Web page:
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World Bank agrees to provide US dollar 600 million in financial assistance to Sri Lanka


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The World Bank has agreed to provide Sri Lanka with 600 million US dollars in financial assistance to help meet payment requirements for essential imports. Sri Lankan President’s media division said in a statement yesterday that the World Bank would release 400 million dollars “shortly”. According to the statement, the World Bank said that it would continue to help Sri Lanka to overcome the current economic crisis.

Sri Lanka’s worst financial crisis since independence in 1948 was caused by a drastic drop in its reserves that dropped 70 percent over the past two years, hitting 1.93 billion dollars at the end of March. This left Colombo struggling to pay for essentials, including fuel, medicines and food.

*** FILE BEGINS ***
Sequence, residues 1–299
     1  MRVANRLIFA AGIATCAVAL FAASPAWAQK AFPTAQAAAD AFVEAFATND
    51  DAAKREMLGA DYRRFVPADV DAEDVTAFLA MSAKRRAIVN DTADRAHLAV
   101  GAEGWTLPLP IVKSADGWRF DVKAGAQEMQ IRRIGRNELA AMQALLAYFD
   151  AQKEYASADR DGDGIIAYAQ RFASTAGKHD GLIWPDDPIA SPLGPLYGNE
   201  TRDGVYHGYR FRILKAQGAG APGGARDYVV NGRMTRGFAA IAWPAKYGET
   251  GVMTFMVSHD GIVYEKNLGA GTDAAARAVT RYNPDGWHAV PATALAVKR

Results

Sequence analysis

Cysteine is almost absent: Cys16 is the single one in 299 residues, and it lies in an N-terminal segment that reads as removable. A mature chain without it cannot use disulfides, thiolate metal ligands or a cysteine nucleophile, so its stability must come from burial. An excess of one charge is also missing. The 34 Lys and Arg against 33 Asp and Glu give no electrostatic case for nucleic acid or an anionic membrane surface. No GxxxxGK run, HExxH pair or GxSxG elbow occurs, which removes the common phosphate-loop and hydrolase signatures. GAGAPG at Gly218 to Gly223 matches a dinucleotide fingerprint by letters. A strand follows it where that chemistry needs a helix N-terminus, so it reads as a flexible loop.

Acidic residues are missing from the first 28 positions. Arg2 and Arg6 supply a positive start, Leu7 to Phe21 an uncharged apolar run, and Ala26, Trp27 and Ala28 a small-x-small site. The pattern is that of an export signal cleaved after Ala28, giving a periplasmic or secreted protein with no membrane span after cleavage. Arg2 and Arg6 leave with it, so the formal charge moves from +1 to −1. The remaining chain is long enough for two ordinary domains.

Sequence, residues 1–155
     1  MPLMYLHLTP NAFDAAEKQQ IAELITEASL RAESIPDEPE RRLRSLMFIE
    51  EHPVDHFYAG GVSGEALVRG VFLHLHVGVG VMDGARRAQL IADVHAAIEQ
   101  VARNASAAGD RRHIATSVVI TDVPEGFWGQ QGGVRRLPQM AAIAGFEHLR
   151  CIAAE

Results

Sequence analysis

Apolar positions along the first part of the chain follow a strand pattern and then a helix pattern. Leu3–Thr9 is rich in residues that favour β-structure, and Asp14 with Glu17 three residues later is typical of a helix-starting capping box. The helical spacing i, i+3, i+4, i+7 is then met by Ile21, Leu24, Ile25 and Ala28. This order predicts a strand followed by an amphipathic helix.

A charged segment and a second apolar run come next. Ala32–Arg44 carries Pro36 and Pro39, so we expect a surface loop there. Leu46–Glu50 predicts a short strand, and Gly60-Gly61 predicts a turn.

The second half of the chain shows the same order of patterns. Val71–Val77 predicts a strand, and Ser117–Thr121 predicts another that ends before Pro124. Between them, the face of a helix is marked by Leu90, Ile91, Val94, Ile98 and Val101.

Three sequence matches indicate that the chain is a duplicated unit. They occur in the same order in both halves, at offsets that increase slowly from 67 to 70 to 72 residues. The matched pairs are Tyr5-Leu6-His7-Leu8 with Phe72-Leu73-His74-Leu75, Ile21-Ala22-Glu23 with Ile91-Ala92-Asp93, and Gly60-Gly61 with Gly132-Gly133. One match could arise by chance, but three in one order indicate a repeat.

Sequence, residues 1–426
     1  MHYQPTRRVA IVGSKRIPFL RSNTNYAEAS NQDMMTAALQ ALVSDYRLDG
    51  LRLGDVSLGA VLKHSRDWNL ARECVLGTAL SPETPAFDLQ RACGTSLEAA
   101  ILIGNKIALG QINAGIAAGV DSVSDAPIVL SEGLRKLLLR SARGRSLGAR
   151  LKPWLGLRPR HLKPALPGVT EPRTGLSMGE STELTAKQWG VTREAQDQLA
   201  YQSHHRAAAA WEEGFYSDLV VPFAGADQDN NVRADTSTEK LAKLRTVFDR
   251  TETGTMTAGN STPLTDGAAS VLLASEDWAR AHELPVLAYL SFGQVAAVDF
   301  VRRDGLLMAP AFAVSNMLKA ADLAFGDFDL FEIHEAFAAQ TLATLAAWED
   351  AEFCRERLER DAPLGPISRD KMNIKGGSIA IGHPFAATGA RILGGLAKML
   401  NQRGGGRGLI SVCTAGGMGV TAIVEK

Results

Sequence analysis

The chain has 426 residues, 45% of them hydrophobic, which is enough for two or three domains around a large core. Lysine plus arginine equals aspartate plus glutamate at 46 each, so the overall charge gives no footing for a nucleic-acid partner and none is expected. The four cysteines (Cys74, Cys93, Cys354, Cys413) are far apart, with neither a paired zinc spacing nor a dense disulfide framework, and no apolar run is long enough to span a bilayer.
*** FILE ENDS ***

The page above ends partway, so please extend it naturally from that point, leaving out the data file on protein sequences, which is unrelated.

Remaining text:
Earlier this month, Sri Lanka kicked off talks with the International Monetary Fund (IMF) for financial assistance. Before the IMF finalises a programme for Sri Lanka, the country needs 3 to 4 billion dollars in bridge financing to help meet its essential expenses.

India has helped Sri Lanka by assisting with 1.9 billion dollars. Sri Lanka’s Finance Minister Ali Sabry said Colombo would also seek assistance from the Asian Development Bank.

The Sri Lankan government has also appealed to multiple countries and multilateral organisations for bridge financing until the IMF comes up with its aid.

In a related development, Sri Lanka has announced that it would sell long-term visas to attract foreign currency after the island nation ran out of dollars to pay even for food and fuel. Foreigners who deposit a minimum of 100,000 dollars locally will be granted permission to live and work in Sri Lanka for 10 years under the “Golden Paradise Visa Program”, the government said.

Thousands of people remained camped outside President Gotabaya Rajapaksa’s seafront office to demand his resignation.

Trading at the Colombo Stock Exchange was halted three times on Tuesday as prices plunged, with the blue-chip S&P index closing down 9.75 percent.

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